Without Hate We Can’t Love

Which came first? Hate or love? Good or bad? Chicken or egg?

The Talmud tells us that we are born with the Yetzer Hara, or Evil inclination, and that the Yetzer Tov (Good inclination) doesn’t come until we are older (around the time we start to learn Torah, as I recall.) The Christian world calls it Original Sin. Either way, is is our inheritance from Adam.

In the book of Yacov (James) this is confirmed when he tells us that through one man (Adam) sin entered the world.

This seems to be a good argument that evil, hate, and bad things were here first.

Not so. God existed before anything, and He is good. Adam and Eve were not evil, and did not know good from evil until evil was thrust upon them.  So the answer to which came first, good or evil is easy- good was here first.

The answer to the question are we born good or evil is very different: we are born with the Yetzer Hara. That’s how the world is, a cursed place from the time of Adam. Through a mortal the world was cursed, and through a mortal the world was saved, that mortal being Yeshua ha Mashiach. There is another difference, though, one that the 1st Century Jewish population, as a whole, missed: the first man’s actions are completed and affect us while we are in this world, and the second man’s actions won’t be complete until we leave this world. Sin is of the body and of this physical world, but salvation is of the Spirit and the Kingdom of God.

So, why do I say we can’t love without hate? Because in this physical world there is no way to understand something without it having an opposite. Can I know cold without knowing heat? Can I understand the concept of courage if I don’t know fear? Someone who doesn’t know fear can’t be brave. Fear is something God gave us so we can protect ourselves (yes, yes, I know you are saying the Bible tells us we have been given a Spirit of victory not of fear, but this isn’t a spiritual discussion right now. If God hadn’t given us fear of death or pain or solitude we wouldn’t survive.)

Hate is here, and has been since the snake did the nasty to Eve. And we humans really caught on to evil. Within one generation we went from trickery to murder. I guess we are fast learners, but of the wrong things.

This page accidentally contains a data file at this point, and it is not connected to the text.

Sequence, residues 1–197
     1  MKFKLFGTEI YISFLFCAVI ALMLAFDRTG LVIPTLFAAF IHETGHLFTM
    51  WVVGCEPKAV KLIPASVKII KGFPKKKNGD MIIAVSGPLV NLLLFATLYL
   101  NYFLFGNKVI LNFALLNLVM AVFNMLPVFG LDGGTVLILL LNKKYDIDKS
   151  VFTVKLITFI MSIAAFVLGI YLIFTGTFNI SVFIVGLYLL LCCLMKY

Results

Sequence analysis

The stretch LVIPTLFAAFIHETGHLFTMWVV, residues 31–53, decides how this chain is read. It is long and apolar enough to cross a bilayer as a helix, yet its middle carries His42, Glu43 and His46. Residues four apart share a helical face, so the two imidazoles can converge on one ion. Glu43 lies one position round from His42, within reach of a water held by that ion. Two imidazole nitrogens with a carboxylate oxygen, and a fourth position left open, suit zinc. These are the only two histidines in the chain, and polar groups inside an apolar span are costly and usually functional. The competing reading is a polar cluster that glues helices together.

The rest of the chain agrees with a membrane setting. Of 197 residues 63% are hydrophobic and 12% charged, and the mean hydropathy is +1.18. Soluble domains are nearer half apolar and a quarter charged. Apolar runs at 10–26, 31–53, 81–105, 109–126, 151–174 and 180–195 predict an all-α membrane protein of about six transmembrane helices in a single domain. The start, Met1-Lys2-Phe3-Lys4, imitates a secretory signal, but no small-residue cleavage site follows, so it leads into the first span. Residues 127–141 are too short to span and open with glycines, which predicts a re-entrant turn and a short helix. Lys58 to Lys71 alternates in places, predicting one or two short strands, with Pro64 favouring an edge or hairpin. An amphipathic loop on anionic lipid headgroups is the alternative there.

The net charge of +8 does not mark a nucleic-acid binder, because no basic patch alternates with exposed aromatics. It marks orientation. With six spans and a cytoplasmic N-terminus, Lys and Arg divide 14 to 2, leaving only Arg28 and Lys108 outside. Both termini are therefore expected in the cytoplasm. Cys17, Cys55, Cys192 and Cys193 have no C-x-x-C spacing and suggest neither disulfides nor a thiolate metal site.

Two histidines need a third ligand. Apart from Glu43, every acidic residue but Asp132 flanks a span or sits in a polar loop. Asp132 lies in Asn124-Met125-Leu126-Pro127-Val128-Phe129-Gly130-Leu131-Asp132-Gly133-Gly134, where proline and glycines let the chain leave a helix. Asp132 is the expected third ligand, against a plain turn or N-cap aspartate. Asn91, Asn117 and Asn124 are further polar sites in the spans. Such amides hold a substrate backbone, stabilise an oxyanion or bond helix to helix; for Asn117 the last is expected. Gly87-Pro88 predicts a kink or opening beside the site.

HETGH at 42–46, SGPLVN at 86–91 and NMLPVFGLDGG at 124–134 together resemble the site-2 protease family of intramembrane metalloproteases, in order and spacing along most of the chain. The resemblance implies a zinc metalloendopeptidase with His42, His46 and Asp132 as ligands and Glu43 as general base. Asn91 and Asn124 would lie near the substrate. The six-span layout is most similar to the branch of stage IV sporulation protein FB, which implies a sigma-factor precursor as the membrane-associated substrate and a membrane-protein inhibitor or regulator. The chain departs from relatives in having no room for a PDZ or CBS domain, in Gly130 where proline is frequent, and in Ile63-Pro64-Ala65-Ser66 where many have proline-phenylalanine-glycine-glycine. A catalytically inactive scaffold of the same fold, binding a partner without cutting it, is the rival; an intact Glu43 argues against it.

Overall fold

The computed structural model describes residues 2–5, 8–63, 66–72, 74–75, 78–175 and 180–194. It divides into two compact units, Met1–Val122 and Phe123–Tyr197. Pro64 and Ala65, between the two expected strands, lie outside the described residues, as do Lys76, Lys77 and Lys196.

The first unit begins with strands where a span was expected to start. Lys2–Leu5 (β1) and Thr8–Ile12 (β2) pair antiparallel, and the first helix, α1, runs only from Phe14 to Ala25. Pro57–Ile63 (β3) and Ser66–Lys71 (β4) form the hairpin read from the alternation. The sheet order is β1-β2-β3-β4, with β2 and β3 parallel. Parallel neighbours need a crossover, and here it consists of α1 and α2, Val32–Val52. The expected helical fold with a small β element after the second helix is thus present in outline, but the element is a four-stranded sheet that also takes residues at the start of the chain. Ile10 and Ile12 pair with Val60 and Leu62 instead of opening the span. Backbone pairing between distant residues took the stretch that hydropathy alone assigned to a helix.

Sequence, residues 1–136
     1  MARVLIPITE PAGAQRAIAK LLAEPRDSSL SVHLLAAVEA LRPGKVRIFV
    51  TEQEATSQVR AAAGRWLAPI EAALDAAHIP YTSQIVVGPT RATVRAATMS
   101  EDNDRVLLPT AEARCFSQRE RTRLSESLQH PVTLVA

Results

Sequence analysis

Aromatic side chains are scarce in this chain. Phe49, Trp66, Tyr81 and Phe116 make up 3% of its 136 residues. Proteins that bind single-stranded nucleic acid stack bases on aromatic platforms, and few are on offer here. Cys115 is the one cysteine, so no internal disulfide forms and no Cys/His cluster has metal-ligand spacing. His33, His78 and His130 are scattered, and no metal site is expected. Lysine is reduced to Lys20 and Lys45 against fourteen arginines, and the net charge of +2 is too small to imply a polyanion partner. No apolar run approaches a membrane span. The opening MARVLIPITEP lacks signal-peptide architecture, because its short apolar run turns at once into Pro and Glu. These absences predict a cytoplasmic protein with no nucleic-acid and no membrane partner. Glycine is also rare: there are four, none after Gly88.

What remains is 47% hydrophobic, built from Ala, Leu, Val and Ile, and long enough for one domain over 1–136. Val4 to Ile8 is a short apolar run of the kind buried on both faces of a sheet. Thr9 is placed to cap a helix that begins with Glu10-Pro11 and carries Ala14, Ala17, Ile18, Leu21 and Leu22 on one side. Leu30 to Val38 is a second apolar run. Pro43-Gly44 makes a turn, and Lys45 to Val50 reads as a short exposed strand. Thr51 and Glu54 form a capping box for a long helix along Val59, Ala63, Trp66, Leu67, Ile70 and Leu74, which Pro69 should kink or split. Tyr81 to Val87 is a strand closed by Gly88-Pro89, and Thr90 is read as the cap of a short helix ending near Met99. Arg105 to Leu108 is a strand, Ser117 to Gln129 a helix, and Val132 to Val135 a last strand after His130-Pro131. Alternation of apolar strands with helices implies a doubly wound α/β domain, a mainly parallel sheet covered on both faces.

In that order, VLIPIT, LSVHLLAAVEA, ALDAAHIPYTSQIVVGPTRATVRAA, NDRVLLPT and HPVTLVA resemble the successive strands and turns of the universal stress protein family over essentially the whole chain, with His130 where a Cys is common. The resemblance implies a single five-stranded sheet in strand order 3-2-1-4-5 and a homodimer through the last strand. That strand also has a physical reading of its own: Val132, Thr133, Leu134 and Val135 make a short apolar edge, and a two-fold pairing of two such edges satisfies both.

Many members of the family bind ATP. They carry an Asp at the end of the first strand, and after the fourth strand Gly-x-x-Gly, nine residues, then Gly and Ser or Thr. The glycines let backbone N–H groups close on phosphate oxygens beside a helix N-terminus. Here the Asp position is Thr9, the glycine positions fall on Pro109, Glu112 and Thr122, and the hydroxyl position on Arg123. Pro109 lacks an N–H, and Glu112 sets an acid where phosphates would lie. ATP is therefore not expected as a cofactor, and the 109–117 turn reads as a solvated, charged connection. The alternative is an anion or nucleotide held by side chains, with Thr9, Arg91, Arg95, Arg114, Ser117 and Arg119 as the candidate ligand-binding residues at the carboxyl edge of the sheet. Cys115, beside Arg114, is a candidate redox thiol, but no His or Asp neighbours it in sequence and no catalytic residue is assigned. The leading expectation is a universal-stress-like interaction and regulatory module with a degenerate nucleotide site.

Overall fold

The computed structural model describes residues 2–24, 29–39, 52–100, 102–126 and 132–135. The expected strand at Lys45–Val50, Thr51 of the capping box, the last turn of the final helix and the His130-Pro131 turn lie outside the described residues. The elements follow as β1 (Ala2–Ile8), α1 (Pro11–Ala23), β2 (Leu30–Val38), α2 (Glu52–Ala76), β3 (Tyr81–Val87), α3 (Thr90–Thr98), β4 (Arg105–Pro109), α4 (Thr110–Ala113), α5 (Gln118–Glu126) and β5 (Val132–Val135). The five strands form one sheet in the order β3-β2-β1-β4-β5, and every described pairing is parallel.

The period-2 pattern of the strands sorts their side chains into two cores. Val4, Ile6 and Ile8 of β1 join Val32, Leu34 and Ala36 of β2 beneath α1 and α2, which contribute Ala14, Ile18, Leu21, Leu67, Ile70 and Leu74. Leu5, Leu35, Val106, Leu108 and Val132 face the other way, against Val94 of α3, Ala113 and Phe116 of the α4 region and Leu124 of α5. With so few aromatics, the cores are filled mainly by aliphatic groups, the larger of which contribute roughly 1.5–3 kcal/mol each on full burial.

So, nu? What are we to do if hate, anger, murder, selfishness, and all these other evil, hedonistic feelings are, by definition, the natural state of being for us? Should we embrace them? I don’t think so.

Through the gift of the Ruach haKodesh, the Holy Spirit, we can overcome them. The Ruach is given freely, all we need to do is ask for it, and then the hard work begins. Like giving up an addiction to drugs, or food, or TV (Oy!- I have to give up TV, too? Nah- you’re OK with TV, just stay off the those nasty pay for view channels) we need to continually remember that we cannot stop these evil inclinations. They are a natural part of us and we will not be fully rid of them until the natural is over. Our only hope is in the Ruach, which can help us to control and overcome these inclinations.

Shaul (that nice Jewish boy from Tarsus many call Paul) said he was a wretch because he did what he didn’t want to, and couldn’t do what he wanted to do. If Shaul admitted that he struggled with his Yetzer Hara, how much more so will we have to struggle with it?

We can’t love until we know hatred. Ergo, we can’t want to love others until we have felt what it is like to be hated. I am amazed (not in a good way) that many minorities, people who have suffered hatred, are themselves hateful. I guess that’s the old Yetzer Hara at it, again.

I am glad that the Ruach teaches me that those who are hateful and mean are hurting, inside. I know because when I am hateful and mean it’s because I hurt. My hurt pride causes me to want to lash out at everyone and everything. In my natural being this is fine, in my Spiritual being I know this is wrong. The more hurt I feel, the more I should pray to God to remind me what it feels like being at the other end of hate. That’s when the Ruach can wake up the Yetzer Tov and remind me of what God wants of us.

You can always get someone to hate something by hating it, but it is much harder to get someone to love something by loving it. In this world, hate is the natural order of things, and love is not.

The truth, as I see it, is that hate is stronger. I know that sounds bad, and love can sometimes conquer hate, but hate is stronger because it is natural for us. Selfishness, hate, pride, all these feelings are of the natural world and we are born into them. They fit us like a custom made suit, and the world confirms this to us, daily. Just read the news.

We need God’s Spirit and His love to help us overcome these things. We can love someone and still hate some things about them, but we can’t hate someone and love anything about them, can we? Do you think that is possible? I don’t. I hope I am wrong.

But I do know that although there is nothing I can do, on and of my own, that will overcome my natural tendencies, with God all things are possible.

Hate sucks, love is wonderful. Look to God and ask for His love, His Grace, accept it and start to live a wonderful life. But be ready for hard work- it isn’t easy living the life of a reformed addict.

Our Gift to God

God already owns everything. David said it, the Prophets said it, we are told this throughout the Tanakh. God is the Creator of everything.

When we tithe, we only give Him back what He already owns.